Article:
Gratitude: Thank You Ruth Bader Ginsburg
Since learning of Justice Ruth Bader Ginsburg’s death on Friday night, I’ve been inconsolable. She was one of my biggest role models and her passing marks the end of an incredible era and occurs at a time of great unrest and uncertainty in our nation. I don’t know what happens next. None of us do. I’m terrified, but being brave doesn’t mean a lack of fear. Being brave means to keep going and to keep fighting even though you’re scared shitless. It means not giving up. RBG was one of the people who taught me that and I can never forget it, especially now.
To deal with my grief, I decided to focus on how grateful I am for the influence RBG has had on my life and the lives of millions of others. Here’s a quick list of some of the many rights I’m grateful that RBG advocated for.
Thank You Justice Ruth Bader Ginsburg That:
- I have the right to control my money. It was not until the 1970’s that women could hold a bank account or a credit card without a man’s name on the account. (Fun fact, it wasn’t until 1988 that legislation was passed ensuring a woman could get a business loan on her own without a male cosigner.) In this world, a woman had to rely on the good intentions of her husband or male relative in relationship to the cash in her account. If that man decided that the money was his and chose to withdraw it and use it for himself, there was minimal to no legal recourse. Imagine if I’d saved for decades for FIRE, and my brother withdrew everything I had and left me penniless to start over.
- I have the right to control when or if I have a child. For now, I have access to safe and affordable birth control and do not need permission from my husband to get a prescription. Children don’t have to be outlandishly expensive, but they are certainly an added monetary and time expense. Very few women want to reproduce every single time they have sex. I cannot emphasize enough that having the right to decide when and if I have a child is an enormous gamechanger. It means I have more control over my health, my career development, my finances, and so many other facets of my life that pregnancy and raising a child affects.
- Speaking of career development, I can no longer be fired for being pregnant. I can still be passed over for a promotion while pregnant, I can still be let go while I’m on maternity leave, I can still generally be discriminated against for being female in a lot of different ways. But, my employer is no longer allowed to explicitly state that my second X chromosome or my reproductive history or future is the reason for it. RBG was once demoted explicitly for having a child. She saw this injustice and fought so that others won’t face what she did.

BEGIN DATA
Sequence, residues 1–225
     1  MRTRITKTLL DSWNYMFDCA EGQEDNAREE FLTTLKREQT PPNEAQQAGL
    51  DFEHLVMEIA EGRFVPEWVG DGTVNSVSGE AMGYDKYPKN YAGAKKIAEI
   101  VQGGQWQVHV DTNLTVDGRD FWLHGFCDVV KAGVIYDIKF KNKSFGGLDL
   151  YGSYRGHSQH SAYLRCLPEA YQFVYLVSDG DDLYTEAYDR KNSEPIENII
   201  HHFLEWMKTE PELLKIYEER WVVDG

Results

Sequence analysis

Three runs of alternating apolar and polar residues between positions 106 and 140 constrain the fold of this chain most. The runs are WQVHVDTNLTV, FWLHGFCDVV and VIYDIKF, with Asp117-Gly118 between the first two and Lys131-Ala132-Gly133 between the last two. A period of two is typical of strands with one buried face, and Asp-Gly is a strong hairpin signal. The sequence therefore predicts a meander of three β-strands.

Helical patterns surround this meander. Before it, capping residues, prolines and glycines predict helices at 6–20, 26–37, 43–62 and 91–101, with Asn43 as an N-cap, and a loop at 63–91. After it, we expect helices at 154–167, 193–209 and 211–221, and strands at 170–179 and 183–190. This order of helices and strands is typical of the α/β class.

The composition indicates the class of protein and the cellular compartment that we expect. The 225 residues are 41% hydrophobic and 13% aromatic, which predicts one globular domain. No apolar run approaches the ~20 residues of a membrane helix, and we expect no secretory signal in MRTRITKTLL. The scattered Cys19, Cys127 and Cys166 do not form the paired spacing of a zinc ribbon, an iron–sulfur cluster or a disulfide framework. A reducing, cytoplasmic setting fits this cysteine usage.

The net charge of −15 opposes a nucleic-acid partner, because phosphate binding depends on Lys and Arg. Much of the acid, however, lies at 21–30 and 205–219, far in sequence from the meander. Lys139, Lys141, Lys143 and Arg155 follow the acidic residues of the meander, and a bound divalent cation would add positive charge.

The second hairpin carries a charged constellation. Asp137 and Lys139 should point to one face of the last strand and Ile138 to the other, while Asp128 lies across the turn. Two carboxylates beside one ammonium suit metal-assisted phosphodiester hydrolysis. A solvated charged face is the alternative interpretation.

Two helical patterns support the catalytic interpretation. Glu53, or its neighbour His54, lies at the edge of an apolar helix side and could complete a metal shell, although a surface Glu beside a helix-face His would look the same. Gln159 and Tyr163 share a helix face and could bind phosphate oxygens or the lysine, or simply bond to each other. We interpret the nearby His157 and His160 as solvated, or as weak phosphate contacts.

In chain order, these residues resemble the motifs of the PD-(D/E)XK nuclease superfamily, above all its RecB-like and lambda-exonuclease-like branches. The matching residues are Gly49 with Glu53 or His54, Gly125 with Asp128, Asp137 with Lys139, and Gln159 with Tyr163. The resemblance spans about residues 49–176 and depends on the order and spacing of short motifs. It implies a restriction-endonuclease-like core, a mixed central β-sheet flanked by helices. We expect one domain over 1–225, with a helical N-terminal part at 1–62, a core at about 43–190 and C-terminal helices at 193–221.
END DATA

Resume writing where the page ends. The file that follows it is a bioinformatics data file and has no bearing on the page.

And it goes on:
- My husband can be legally recognized as a caretaker and I can legally be recognized as a breadwinner. The law used to reflect the gender stereotype that men functioned as the financial providers for the family and women functioned as the caretakers. It’s important to remember that RBG believed in and fought for equal rights between men and women. The fact that we remember her more for her work advocating for women’s rights is an indicator of how much more help women needed in gaining equal footing than men.
- I have the right to marry someone of the same sex as me in all 50 states. Marriage acknowledged by the legal system offers countless privileges and rights that deeply and profoundly affect the lives of those in the relationship. The list is so long I don’t have the time to comprehensively cover it. But, it does include hospital visitation rights, shared custody of children, shared marital assets, and the ability to get on your spouse’s health insurance.
- For now, the Affordable Care Act is still in play. I can get insurance that covers preexisting conditions in all 50 states regardless of my employment status. This is a common discussion among many early retirement seekers in the US. In fact, most early retirement pans are contingent upon the ACA providing affordable and comprehensive health insurance.
- I have the right to fair pay and experience equality in the workplace. I’m preaching to the choir when I say that saving a treasure chest full of money to live off for the rest of your life is tough. It’s a hell of a lot tougher when your employer can legally discriminate against you and pay you less because you’re a woman.
This brief list does not cover the tip of the iceberg of RBG’s accomplishments and legacy. She was a tireless crusader who fought endlessly for gender rights.
Thank you Ruth Bader Ginsburg. Thank you for your years fighting for gender rights. Your work has truly made a difference and our lives will forever be better because of you.
*Disclaimer: I am not a lawyer. I have cited all of my research and encourage you to look up this legislation if you would like to know more.